Welcome to Straight from the 'Beek! The combine is over and the focus for the Falcons now turns completely to free agency and the NFL Draft - and you've got plenty of questions. So, let's get to them. Just remember, all opinions you see in this space are mine, unless otherwise noted.
And we're off.
Justin from Florence, SC
Hey Matt, big fan of The Beek. I'm a long time Falcons fan, a die-hard Gamecocks fan, and a firm believer that Hayden Hurst is the best tight end in the draft this year. Assuming Falcons make some good moves in free agency on both lines, what do you think about taking Hurst in the first round if he is still available?
Matt: Hey, Justin. Appreciate the kind words. I'll say this much regarding Hayden Hurst. He's right in the conversation for the top tight end in this draft class, right up with there with Penn State's Mike Gesicki and South Dakota State's Dallas Goedert. In fact, a lot of people have Gesicki and Hurst 1-2 in their rankings. What it really comes down to, I think, is what your preference is with their playing styles, strengths and how they each fit into your offense. As far as the Falcons picking a tight end in the first round, well, I just don't see it happening. The main reason is because Austin Hooper's arrow is pointing up - he's improved in each of his first two seasons and I expect he'll make a jump from Year 2 to Year 3 as well. I do think the Falcons will bring in some competition at that position prior to training camp, but I think guys like Gesicki, Hurst and Goedert will be snapped up in the first two days of the draft.
James from Lakewood, NY
Hey Beek! I enjoy your column. Born right down the road at Grady Memorial Hospital in Atlanta and been a Falcons fan my whole life. Although the past 10 years living in New York. We all like to play the GM, so here's my thoughts. I don't think the Birds will sign Tevin Coleman for the 2019 season even though I think he's more of a talent then Devonta Freeman and he did win the starting job three years but got hurt and lost the job. I think he will be a great lead back in this league for some team needing help, like the Giants or Colts sitting at No. 2 and 3 in the draft. The GM in me would say trade him now and get a deal with one of them teams for an early pick in Round 1. I would draft the best offensive guard at 2 or 3 and get another one with the 26th pick - and then sign Michael Bennett and get a running in mid rounds. Or trade the No. 2 or the No. 3 selection to Buffalo for its two first-rounders. With that get a guard and running back. Whew! My point? Coleman is worth a lot of value now!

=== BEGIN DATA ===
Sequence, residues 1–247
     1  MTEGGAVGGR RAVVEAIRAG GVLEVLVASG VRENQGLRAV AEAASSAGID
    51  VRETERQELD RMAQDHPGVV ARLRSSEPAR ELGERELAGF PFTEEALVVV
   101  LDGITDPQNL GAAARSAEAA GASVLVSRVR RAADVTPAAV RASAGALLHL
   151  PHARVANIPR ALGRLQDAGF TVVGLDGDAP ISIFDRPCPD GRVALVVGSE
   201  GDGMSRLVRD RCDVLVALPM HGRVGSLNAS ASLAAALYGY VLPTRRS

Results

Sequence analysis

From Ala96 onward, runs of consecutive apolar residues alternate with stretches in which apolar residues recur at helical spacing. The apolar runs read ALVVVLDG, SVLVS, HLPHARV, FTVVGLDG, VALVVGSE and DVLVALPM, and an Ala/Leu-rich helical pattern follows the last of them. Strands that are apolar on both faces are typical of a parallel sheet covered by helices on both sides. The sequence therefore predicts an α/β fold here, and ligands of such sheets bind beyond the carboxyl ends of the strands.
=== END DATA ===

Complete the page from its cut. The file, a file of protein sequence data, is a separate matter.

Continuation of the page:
Matt: Hey, James. Thanks for reading. Wow, where do I start here. OK, let me begin by saying I don't think the Falcons have any plans to ship Tevin Coleman anywhere - they like him right where he is, here in Atlanta. And yes, he's a very good running back - and the team knows what he brings to the table. As far as your thoughts playing GM and some of those moves, keep in mind that the Giants or Colts would have to agree that whoever you were trading, in this case Coleman, is worth the No. 2 or 3 pick. But they'd likely also want more compensation - like the Falcons' 26th pick. I don't think you can trade a running back and still have two first-round picks, so half of your plan just went up in smoke. And do you really think a team would trade up for the No. 2 or 3 pick and then trade back down to the No. 21 or 22 spot (when they were originally sitting at No. 26)? I just don't see the logic in any of that, James. I'm trying to see where you're coming from though. I do, however, understand your motivation though - to obtain some value for a player who you think is not in the team's long-term plans. There's nothing wrong with that. I'll add this, too. The Falcons have done an exceptional job of building this roster, securing key players and infusing youth in key spots concurrently. I think they'll continue to do that - with an eye on the future. So, relax and sit back while general manager Thomas Dimitroff and his personnel department works their magic this offseason. I think you'll like the end result because it's hard to argue with what they've done so far.
Percy from Tampa, FL
I think I can see the Falcons regretting releasing Levine Toilolo. In my opinion, he was not developed and utilized properly. With his size, he could have been a dominant red-zone threat. I think someone will pick him up and the Falcons will see what they missed on. But I understand tough decisions have to be made. Could I be right or grasping at straws? What do you say?